Nokia 1110 Review: Released in 2005, the new Nokia 1110 had a tough act to follow. It was the successor to the Nokia 1100, which measured by number of units sold was the most successful handset ever. This despite the mobile phone world advancing at a great rate of pace, and there was nothing remarkable in terms of specification of the handset.
The reasons why were more straightforward. The Nokia 1100 maintained the same user operating system which had been in place for years, giving it a sense of familiarity. The phone was designed to be practical and durable. The rubberised, lightweight design meant that this phone could easily survive being dropped. Like many Nokia models, it had interchangeable faceplates which were numerous and cheap. And the phone itself was incredibly cheap. It was perfect for developing markets or those who did not require any advanced features.
So it would come as no surprise that the upgrades to this phone were not major, but also numerous enough to justify its purchase to users. The redesign saved weight and made it thinner, a new 4-way D-pad, extra memory, and increased battery life made the value as strong as its predecessor.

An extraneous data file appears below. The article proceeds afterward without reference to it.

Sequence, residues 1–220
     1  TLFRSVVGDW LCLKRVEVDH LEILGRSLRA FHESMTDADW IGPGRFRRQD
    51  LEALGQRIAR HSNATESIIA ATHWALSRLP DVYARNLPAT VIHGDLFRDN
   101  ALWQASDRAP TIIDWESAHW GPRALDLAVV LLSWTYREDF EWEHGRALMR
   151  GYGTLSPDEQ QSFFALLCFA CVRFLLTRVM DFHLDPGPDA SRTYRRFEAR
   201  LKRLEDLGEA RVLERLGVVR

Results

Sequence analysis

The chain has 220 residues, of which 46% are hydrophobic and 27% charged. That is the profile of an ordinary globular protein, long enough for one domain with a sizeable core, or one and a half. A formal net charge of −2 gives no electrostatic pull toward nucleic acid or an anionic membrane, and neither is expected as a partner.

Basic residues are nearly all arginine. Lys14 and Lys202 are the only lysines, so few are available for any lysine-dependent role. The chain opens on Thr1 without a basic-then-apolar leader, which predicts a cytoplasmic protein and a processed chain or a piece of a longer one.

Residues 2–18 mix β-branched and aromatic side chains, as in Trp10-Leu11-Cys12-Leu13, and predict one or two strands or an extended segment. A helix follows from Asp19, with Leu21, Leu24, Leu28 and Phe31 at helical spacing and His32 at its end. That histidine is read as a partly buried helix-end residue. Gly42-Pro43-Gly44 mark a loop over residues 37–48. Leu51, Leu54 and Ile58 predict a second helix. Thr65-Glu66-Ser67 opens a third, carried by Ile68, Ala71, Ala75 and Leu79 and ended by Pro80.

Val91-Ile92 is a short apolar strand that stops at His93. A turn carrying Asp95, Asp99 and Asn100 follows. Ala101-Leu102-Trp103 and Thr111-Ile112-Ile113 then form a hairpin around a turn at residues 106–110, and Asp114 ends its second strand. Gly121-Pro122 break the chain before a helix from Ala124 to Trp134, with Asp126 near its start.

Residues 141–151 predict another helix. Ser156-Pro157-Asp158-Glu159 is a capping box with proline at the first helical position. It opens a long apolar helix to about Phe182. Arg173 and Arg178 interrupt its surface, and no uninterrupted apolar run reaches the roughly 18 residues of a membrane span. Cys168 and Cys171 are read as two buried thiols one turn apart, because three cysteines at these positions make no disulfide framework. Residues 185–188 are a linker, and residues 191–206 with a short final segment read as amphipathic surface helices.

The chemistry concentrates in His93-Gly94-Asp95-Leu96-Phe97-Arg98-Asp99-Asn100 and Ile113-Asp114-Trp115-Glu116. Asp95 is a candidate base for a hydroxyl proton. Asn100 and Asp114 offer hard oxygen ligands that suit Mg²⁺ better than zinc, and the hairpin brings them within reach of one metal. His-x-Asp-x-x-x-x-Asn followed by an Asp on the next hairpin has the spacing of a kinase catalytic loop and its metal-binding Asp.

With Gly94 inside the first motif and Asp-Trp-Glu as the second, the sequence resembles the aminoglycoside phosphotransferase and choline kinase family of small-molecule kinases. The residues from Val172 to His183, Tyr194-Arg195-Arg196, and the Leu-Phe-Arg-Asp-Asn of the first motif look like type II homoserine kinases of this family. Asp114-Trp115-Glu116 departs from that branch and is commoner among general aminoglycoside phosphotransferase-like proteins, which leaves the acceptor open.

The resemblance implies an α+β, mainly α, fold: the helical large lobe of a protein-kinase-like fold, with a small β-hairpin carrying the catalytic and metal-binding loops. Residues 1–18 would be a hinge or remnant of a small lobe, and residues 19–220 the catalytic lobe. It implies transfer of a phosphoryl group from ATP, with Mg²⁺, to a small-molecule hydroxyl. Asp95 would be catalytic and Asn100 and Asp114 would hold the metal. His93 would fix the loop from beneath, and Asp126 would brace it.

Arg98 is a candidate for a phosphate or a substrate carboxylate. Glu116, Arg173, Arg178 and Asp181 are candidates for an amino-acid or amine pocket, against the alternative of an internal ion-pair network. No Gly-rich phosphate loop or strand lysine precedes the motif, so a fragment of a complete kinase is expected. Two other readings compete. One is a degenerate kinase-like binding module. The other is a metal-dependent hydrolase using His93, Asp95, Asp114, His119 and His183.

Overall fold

Unsurprisingly, this phone was almost as successful as the first one and sold in the magnitude of hundreds of millions. It would not be an exaggeration to say that these phones could still be in use today and still be in good condition.
Nokia 1110 Review Pros:
- The phone was excellently designed. It was slightly lighter and slightly thinner than the Nokia 1100 and retained the same durable coating. The keypad was changed slightly and now offered a proper D-pad as opposed to the up/down keys.
- Internal memory was beefed up to 4MB – this allowed a greater amount of saved messages, phonebook capacity and upgraded polyphonic ringtones.
- A loudspeaker was now included for calls, which was helpful.
- Battery was upgraded slightly and offered slightly longer talktimes.
Nokia 1110 Review Cons:
- The phone came with an inverted display, where instead of black text on green, there was green text on black. This took a little getting used to, but most people would probably prefer the standard display.
- The flashlight function was absent on this phone, which was popular on the previous model.
- Despite the improved memory it still fell a little short relative to others; SMS capacity still was around 50 messages.
- The phone came in at a cost slightly above the Nokia 1100, although its improvements were probably not material for anyone wanting an ultrabasic phone.
Current Pricing and Future Prospects:
Thanks to their cheap price and wide availability of components, these phones are still in use today and have not really deviated from their original price. The sheer volumes in which they were produced will most likely keep a lid on their prices into the future.
Where can I get one?
Interested in more phones? See a list of phones I own here.